power function for int values, so let's build one of our own. The function receives two integers, x and n
(where n ≥ 0), and computes xn. We use a simple approach, multiplying repeatedly by x. Because the
number of iterations is known in advance, a count-controlled loop is appropriate. The loop counts down to
0 from the initial value of n. For each iteration of the loop, x is multiplied by the previous product.
int Power( /* in */ int x, // Base number /* in */ int n ) // Power to raise base to // This function
computes x to the n power // Precondition: // x is assigned && n >= 0 && (x to the n) <=
INT_MAX // Postcondition: // Function value == x to the n power { int result; // Holds
intermediate powers of x result = 1; while (n > 0) { result = result * x; n--; } return result; }
Notice the notation we use in the postcondition of a value-returning function. Because a value-returning
function returns a single value, it is most concise if you simply state what that value equals. Except in
complicated examples, the postcondition looks like this:
// Postcondition // Function value == ...
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Another function that is used frequently in calculating probabilities is the factorial. For example, 5 factorial
(written 5! in mathematical notation) is 5 × 4 × 3 × 2 × 1. Zero factorial, by definition, equals 1. This
function has one integer parameter. As with the Power function, we use repeated multiplication, but we
decrement the multiplier on each iteration.
int Factorial( /* in */ int n ) // Number whose factorial is // to be computed // This function
computes n! // Precondition: // n >= 0 && n! <= INT_MAX // Postcondition: // Function
value == n! { int result; // Holds partial products result = 1; while (n > 0) { result = result * n;
n--; } return result; }
A call to the Factorial function might look like this:
combinations = Factorial(n) / (Factorial(m) * Factorial(n - m));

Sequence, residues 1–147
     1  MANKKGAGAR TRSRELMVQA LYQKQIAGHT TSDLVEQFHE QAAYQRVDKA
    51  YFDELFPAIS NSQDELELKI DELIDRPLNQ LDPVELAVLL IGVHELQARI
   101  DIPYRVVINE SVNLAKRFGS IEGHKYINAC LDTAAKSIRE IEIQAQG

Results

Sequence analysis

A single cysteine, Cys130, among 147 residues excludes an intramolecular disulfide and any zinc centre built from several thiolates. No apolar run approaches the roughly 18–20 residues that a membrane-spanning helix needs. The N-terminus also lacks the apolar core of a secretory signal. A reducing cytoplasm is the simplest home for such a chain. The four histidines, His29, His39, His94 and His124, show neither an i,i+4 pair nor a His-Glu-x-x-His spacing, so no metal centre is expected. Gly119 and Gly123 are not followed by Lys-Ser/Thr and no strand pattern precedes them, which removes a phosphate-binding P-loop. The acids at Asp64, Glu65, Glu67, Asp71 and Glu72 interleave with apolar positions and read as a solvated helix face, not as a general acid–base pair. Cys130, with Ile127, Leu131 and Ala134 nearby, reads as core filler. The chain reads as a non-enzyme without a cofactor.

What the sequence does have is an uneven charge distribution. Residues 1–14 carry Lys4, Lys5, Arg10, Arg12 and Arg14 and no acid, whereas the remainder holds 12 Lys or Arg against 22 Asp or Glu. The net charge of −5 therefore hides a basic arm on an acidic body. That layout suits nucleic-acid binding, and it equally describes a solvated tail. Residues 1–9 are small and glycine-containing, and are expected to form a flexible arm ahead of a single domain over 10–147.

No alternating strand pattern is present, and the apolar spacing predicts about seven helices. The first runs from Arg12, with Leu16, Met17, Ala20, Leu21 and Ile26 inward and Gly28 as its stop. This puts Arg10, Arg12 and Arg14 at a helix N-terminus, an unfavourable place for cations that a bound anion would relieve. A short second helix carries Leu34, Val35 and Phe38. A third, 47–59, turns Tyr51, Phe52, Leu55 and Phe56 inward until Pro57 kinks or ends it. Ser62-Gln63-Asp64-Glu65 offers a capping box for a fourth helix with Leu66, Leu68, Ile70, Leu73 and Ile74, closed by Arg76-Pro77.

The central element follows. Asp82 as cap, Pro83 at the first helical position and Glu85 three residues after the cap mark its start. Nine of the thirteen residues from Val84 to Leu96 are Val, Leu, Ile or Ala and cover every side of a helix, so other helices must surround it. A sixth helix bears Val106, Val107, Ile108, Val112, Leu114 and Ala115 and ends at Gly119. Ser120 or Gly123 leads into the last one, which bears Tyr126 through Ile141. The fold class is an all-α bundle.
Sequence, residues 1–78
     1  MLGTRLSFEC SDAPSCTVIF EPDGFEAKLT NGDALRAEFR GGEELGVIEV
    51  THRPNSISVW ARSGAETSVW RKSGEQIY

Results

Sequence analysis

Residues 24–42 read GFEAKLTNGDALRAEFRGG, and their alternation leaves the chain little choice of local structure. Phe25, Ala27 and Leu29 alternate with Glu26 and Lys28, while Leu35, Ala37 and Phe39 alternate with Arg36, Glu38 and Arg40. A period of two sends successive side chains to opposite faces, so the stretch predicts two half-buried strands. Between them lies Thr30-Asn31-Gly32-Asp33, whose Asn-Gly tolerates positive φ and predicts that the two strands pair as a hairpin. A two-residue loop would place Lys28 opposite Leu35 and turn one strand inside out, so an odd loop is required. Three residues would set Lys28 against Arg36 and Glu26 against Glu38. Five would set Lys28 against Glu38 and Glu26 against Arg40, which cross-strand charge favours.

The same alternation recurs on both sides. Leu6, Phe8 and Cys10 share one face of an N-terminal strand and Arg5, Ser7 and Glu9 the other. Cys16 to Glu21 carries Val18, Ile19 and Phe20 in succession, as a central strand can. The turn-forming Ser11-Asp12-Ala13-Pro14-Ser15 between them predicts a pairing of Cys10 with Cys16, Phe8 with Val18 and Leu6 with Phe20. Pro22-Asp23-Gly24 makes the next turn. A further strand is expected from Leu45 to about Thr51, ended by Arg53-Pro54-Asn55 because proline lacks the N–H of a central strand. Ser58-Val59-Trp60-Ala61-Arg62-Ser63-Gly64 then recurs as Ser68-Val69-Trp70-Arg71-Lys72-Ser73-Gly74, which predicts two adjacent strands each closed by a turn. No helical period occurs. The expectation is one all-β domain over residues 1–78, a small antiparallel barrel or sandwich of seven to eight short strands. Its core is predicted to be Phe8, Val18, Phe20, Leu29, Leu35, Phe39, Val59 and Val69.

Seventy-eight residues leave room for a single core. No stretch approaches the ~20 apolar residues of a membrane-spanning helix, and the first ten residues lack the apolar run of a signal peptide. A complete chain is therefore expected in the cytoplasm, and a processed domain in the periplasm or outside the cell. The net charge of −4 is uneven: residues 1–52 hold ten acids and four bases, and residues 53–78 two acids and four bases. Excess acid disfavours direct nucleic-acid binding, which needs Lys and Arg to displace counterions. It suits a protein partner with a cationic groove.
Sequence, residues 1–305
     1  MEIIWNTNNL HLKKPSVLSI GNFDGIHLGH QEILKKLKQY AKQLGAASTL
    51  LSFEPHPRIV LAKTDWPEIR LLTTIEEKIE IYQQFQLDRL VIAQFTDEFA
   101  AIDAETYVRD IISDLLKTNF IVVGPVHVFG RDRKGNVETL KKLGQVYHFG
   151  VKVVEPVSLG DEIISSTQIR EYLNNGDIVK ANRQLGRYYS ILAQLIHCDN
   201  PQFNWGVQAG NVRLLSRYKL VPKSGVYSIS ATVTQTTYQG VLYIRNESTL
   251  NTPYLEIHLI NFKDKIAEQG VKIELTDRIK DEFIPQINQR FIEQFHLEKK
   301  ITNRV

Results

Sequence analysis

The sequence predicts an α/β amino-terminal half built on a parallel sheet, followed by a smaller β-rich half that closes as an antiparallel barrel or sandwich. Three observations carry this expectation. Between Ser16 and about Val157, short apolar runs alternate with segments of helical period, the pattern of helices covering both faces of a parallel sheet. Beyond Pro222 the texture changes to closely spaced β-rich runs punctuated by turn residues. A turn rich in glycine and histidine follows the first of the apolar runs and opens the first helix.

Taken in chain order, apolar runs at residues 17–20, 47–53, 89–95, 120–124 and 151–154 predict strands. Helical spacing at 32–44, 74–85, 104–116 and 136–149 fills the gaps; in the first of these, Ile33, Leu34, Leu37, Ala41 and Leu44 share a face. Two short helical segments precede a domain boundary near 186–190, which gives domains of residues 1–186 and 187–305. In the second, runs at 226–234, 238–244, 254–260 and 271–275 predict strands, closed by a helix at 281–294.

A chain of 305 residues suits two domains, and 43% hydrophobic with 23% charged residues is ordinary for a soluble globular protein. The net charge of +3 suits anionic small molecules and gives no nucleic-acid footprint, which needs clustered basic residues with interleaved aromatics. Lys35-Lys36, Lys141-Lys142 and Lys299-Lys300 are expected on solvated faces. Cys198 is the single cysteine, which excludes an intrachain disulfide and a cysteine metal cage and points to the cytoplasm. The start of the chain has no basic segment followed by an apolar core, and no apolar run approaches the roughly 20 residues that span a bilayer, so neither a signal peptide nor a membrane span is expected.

Boolean Functions
Value-returning functions are not restricted to returning numerical results. We can also use them, for
example, to evaluate a condition and return a Boolean result. Boolean functions can be useful when a
branch or loop depends on some complex condition. Rather than code the condition directly into the If or
While statement, we can call a Boolean function to form the controlling expression.
Suppose we are writing a program that works with triangles. The program reads three angles as floating-
point numbers. Before performing any calculations on those angles, however, we want to check that they
really form a triangle by adding the angles to confirm that their sum equals 180 degrees. We can write a
value-returning function that takes the three angles as parameters and returns a Boolean result. Such a
function would look like this (recall from Chapter 5 that you should test floating-point numbers only for
near equality):
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#include <cmath> // For fabs() . . . bool IsTriangle( /* in */ float angle1, // First angle /* in */ float
angle2, // Second angle /* in */ float angle3 ) // Third angle // This function checks to see if its
three incoming values // add up to 180 degrees, forming a valid triangle // Precondition: //
angle1, angle2, and angle3 are assigned // Postcondition: // Function value == true, if
(angle1 + angle2 + angle3) is // within 0.00000001 of 180.0 degrees // == false, otherwise
{ return (fabs(angle1 + angle2 + angle3 - 180.0) < 0.00000001); }
The following program shows how the IsTriangle function is called. (The function definition is shown
without its documentation to save space.)
//****************************************************************** //
Triangle program // This program exercises the IsTriangle function //
****************************************************************** #include
<iostream> #include <cmath> // For fabs() using namespace std; bool IsTriangle( float, float, float );
int main() { float angleA; // Three potential angles of a triangle float angleB; float angleC; cout <<
''Enter 3 angles: "; cin >> angleA; while (cin) { cin >> angleB >> angleC; if (IsTriangle(angleA, angleB,
angleC))
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cout << ''The 3 angles form a valid triangle." << endl; else cout << "Those angles do not form a